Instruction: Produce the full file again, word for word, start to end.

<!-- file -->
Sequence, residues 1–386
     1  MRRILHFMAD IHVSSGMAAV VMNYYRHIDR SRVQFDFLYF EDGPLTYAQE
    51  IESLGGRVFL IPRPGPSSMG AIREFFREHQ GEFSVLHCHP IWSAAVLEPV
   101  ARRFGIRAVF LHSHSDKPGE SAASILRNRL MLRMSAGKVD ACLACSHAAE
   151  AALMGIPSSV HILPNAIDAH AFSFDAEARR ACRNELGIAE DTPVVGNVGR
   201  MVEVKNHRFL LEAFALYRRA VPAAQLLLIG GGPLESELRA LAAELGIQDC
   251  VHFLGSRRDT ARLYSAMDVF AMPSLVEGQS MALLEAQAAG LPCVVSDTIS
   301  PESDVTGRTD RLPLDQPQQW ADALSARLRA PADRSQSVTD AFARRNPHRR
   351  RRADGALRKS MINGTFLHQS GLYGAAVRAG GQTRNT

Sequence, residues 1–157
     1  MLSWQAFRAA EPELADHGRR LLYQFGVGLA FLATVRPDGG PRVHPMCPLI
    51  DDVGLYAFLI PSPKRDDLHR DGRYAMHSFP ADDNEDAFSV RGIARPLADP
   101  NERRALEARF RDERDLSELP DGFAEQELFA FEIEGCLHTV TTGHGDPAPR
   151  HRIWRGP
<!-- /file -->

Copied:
Sequence, residues 1–386
     1  MRRILHFMAD IHVSSGMAAV VMNYYRHIDR SRVQFDFLYF EDGPLTYAQE
    51  IESLGGRVFL IPRPGPSSMG AIREFFREHQ GEFSVLHCHP IWSAAVLEPV
   101  ARRFGIRAVF LHSHSDKPGE SAASILRNRL MLRMSAGKVD ACLACSHAAE
   151  AALMGIPSSV HILPNAIDAH AFSFDAEARR ACRNELGIAE DTPVVGNVGR
   201  MVEVKNHRFL LEAFALYRRA VPAAQLLLIG GGPLESELRA LAAELGIQDC
   251  VHFLGSRRDT ARLYSAMDVF AMPSLVEGQS MALLEAQAAG LPCVVSDTIS
   301  PESDVTGRTD RLPLDQPQQW ADALSARLRA PADRSQSVTD AFARRNPHRR
   351  RRADGALRKS MINGTFLHQS GLYGAAVRAG GQTRNT

Sequence, residues 1–157
     1  MLSWQAFRAA EPELADHGRR LLYQFGVGLA FLATVRPDGG PRVHPMCPLI
    51  DDVGLYAFLI PSPKRDDLHR DGRYAMHSFP ADDNEDAFSV RGIARPLADP
   101  NERRALEARF RDERDLSELP DGFAEQELFA FEIEGCLHTV TTGHGDPAPR
   151  HRIWRGP